According to its constitution, the Czech Republic is a parliamentary democracy whose head of state is a president, indirectly elected every five years by the parliament. The president is also granted specific powers such as the right to nominate Constitutional Court judges, dissolve parliament under certain conditions, complete immunity, and enact a veto on legislation. He also appoints the prime minister, who sets the agenda for most foreign and domestic policy, as well the other members of the cabinet on a proposal by the prime minister.

The Czech parliament (Parlament) is bicameral, with a Chamber of Deputies (Poslanecká sněmovna) and a Senate (Senát). The 200 Chamber delegates are elected for 4-year terms, on the basis of proportional representation. The 81 members of the Czech Senate serve for 6-year terms with one-third being elected every 2 years on the basis of two-round majority voting.

The country's highest court of appeals is the Supreme Court. The Constitutional Court, which rules on constitutional issues, is appointed by the president, and its members serve 10-year terms.

Military

See main article Military of the Czech Republic.

The Czech Armed Forces (Czech: Armáda České republiky) consists of Land and Air Forces and of specialized support units. The country has been a member of NATO since 1999. Military spending is around 1.8% of GDP (2005).

Regions

Main article: Regions of the Czech Republic

The Czech Republic consists of 13 regions (kraje, singular - kraj) and one capital city (hlavní město), marked by a *:

Image:Regions of Czech Republic.png

RegionCapital
Prague* (Praha) 
Central Bohemian Region (Středočeský kraj)its offices are located in Prague (Praha)
South Bohemian Region (Jihočeský kraj)České Budějovice
Plzeň Region (Plzeňský kraj)Plzeň
Carlsbad Region (Karlovarský kraj)Karlovy Vary (Carlsbad)
Ústí nad Labem Region (Ústecký kraj)Ústí nad Labem
Liberec Region (Liberecký kraj)Liberec
Hradec Králové Region (Královéhradecký kraj)Hradec Králové
Pardubice Region (Pardubický kraj)Pardubice
Olomouc Region (Olomoucký kraj)Olomouc
Moravian-Silesian Region (Moravskoslezský kraj)Ostrava
South Moravian Region (Jihomoravský kraj)Brno
Zlín Region (Zlínský kraj)Zlín
Vysočina Region (Vysočina)Jihlava

Economy

Main article: Economy of the Czech Republic

One of the most stable and prosperous of the post-Communist states, the Czech Republic has been recovering from recession since mid-1999. Growth in 2000-2001 was led by exports to the EU, especially Germany, and foreign investment, while domestic demand is reviving. The rate of corruption remains one of the highest among OECD countries.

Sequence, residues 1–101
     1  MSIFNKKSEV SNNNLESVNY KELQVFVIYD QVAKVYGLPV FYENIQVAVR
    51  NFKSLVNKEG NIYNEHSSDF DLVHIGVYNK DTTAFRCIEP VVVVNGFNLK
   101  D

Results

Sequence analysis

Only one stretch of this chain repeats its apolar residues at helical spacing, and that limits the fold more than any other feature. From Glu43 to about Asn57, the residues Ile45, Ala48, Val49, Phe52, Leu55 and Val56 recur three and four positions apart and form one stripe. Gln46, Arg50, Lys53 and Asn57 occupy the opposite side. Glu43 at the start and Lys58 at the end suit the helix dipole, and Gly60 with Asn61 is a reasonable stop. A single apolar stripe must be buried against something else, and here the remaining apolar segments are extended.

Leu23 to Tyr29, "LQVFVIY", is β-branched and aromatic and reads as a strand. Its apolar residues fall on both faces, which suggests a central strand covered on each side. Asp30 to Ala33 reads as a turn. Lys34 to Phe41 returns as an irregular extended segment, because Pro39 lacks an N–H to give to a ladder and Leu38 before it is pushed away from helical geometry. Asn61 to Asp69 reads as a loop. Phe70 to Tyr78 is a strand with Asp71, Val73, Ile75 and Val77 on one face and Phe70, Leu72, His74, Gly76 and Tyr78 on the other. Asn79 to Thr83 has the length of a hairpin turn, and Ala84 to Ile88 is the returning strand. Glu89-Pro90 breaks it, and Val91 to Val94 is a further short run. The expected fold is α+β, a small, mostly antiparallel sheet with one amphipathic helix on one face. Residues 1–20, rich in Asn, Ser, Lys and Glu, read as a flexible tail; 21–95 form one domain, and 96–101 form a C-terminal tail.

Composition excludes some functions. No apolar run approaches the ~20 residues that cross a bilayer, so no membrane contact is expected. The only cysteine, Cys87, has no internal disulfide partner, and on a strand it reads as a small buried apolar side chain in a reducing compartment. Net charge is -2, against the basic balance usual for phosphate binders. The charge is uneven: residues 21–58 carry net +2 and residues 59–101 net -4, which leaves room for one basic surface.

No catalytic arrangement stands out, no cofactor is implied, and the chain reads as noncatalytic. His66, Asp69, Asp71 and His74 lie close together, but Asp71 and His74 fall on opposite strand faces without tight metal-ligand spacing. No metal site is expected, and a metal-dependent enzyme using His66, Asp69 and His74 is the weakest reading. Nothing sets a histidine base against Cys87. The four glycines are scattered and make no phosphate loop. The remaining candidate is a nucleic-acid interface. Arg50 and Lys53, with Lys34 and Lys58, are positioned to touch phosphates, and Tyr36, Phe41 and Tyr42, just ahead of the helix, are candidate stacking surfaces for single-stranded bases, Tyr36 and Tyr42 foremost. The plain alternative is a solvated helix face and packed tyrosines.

Uncomfortably high fiscal and current account deficits could be future problems.

Moves to complete banking, telecommunications, and energy privatisation will add to foreign investment, while intensified restructuring among large enterprises and banks and improvements in the financial sector should strengthen output growth.

The Czech government has expressed a desire to adopt the euro currency in 2010, but the introduction of the currency is currently only in the early planning stages.

Tourism

The Czech economy gets a substantial amount of its income from tourism, and there are several centres of tourist activity.

The historic city of Prague is the primary tourist attraction, and the city is also the most common point of entry for tourists visitng other parts of the country. Most other cities in the country attract significant numbers of tourists, but the spa towns such as Karlovy Vary and Mariánské Lázně are particularly popular holiday destinations. Other popular tourist sites are the many castles and chateaux, such as those at Karlštejn, Pernštejn and Český Krumlov. Away from the towns, areas such Český Ráj, Šumava and the Krkonoše mountains attract visitors seeking outdoor pursuits.

The significance of the tourism industry on the country's economy cannot be underestimated; figures from 2001 revealed that the total earnings from tourism reached 118.13 billion CZK, making up 5.5 % of GNP and 9.3% of overall export earnings. The industry employs more than 110,000 persons - over 2% of the population. [3]

Culture

Religion

Despite the very visible presence of cathedrals and church buildings all over the country, the majority of Czechs (59%) are agnostics or atheists or without any dogmatic organization of belief, mostly as a consequence of the anti-religious policy during the communist era. Significant religious groups include Roman Catholics (27%), Protestants (1.2%), and Czechoslovak Hussites (1%).

According to the most recent Eurostat "Eurobarometer" poll, in 2005 <ref name="Eurostat poll on the social and religious beliefs of Europeans"> Eurobarometer, http://europa.eu.int/comm/public_opinion/archives/ebs/ebs_225_report_en.pdf</ref>, only 19% of Czech citizens responded that "they believe there is a God", whereas 50% answered that "they believe there is some sort of spirit or life force" and 30% that "they do not believe there is any sort of spirit, God, or life force". This, according to the survey, would make Czechs second only to Estonians, as the least religious people in the 25-member European Union.

International rankings

Miscellaneous topics

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Reference

  • Much of the material in these articles comes from the CIA World Factbook 2000 and the 2003 U.S. Department of State website.

External links